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The Synod of Dort

November 2009 | by Guy Davies

The Synod of Dort

 

Last month, we looked at the life and teaching of Jacob Arminius (1560-1609). When he died the system of theology that bears his name did not perish with him.

 

In 1610, forty Dutch theologians who championed his ideas gathered at Gouda for a conference, under the leadership of Simon Episcopius (1583-1643). They set forth their views in a five point Remonstrance. This stated that:

 

1. Predestination is conditional on God foreknowing who would believe.

2. Christ died for all, although only believers will be saved.

3. Human beings are sinners and cannot believe apart from the grace of God.

4. Saving grace may be resisted.

5. The doctrine of the final perseverance of the saints needs further investigation.

 

Threat

 

There was much heated discussion over these Remonstrant articles; it was perceived that the proposed five points constituted a direct threat to the Calvinistic basis of the Dutch Reformed Church.

In 1618 a synod was convened in Dordtrecht to decide whether the position of the Remonstrants was in accordance with the Word of God and the Reformed confessions. At stake was nothing less than the glory of God in the salvation of lost sinners, by free and sovereign grace alone.

Although occasioned by theological controversy in Holland, the synod had an international flavour, with delegates from Reformed churches in Great Britain, Germany and Switzerland meeting alongside their Dutch brethren. Simon Episcopus and a group of his supporters were invited to represent the Arminian agitants.

From the synod emerged what are popularly called the ‘Five points of Calvinism’ - usually set out under the mnemonic TULIP. These do not represent a complete account of Calvinistic theology, but were simply intended as a blow-by-blow rebuttal of the five point Remonstrance.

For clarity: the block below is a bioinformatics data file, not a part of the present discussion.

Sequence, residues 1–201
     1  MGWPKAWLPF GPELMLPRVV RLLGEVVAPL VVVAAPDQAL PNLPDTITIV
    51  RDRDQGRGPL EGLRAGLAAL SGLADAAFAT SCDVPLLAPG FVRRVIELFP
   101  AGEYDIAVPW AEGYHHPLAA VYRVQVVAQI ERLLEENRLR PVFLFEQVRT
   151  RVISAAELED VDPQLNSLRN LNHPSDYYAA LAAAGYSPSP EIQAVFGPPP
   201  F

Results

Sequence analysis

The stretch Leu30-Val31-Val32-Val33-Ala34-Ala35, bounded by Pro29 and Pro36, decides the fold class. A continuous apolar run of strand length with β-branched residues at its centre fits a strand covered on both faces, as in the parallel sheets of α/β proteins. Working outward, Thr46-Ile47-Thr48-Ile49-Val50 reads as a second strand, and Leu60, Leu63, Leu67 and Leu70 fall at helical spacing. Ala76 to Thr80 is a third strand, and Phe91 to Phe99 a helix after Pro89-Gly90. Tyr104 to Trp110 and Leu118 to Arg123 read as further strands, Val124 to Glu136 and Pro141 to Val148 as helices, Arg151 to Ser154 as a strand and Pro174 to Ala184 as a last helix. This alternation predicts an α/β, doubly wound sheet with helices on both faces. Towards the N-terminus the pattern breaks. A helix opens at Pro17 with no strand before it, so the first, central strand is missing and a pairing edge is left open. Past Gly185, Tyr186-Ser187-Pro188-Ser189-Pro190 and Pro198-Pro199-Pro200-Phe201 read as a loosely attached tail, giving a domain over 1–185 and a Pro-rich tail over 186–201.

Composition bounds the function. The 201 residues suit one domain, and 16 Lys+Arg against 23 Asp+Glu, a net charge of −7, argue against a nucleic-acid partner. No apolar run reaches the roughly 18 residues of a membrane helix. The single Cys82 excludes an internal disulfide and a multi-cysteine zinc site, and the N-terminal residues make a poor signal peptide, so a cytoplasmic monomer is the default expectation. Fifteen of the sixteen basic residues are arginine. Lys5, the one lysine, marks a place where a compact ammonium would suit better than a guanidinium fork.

Total depravity

 

On the face of it, the Arminians agreed with orthodox Calvinists that all human beings are sinners and we are saved by grace. But they redefined grace to mean that God gives all people the ability to be saved if they so wished - in other words, we must cooperate with the grace of God and decide to accept his offer of salvation.

Thus man is only partially depraved by sin; he is able to exercise a choice to believe and be saved. The Synod of Dort rightly smelled a rat here. According to Scripture, man in sin is totally depraved.

That does not mean that we are all as bad as could be, but that every human faculty has been radically affected by sin. The mind is incapable of receiving God’s truth (Romans 8:7), the heart is deceitful and wicked (Jeremiah 17:9), and the will is enslaved by sin (John 8:34).

Scripture teaches that man in his fallen state is not damaged, but dead (Ephesians 2:1-4). There is no possibility that a sinner in such a state could ever choose to be saved (Jeremiah 13:23). We don’t need ‘grace’ that will simply facilitate our choice to believe, but a gracious act of God that will bring us back from the dead.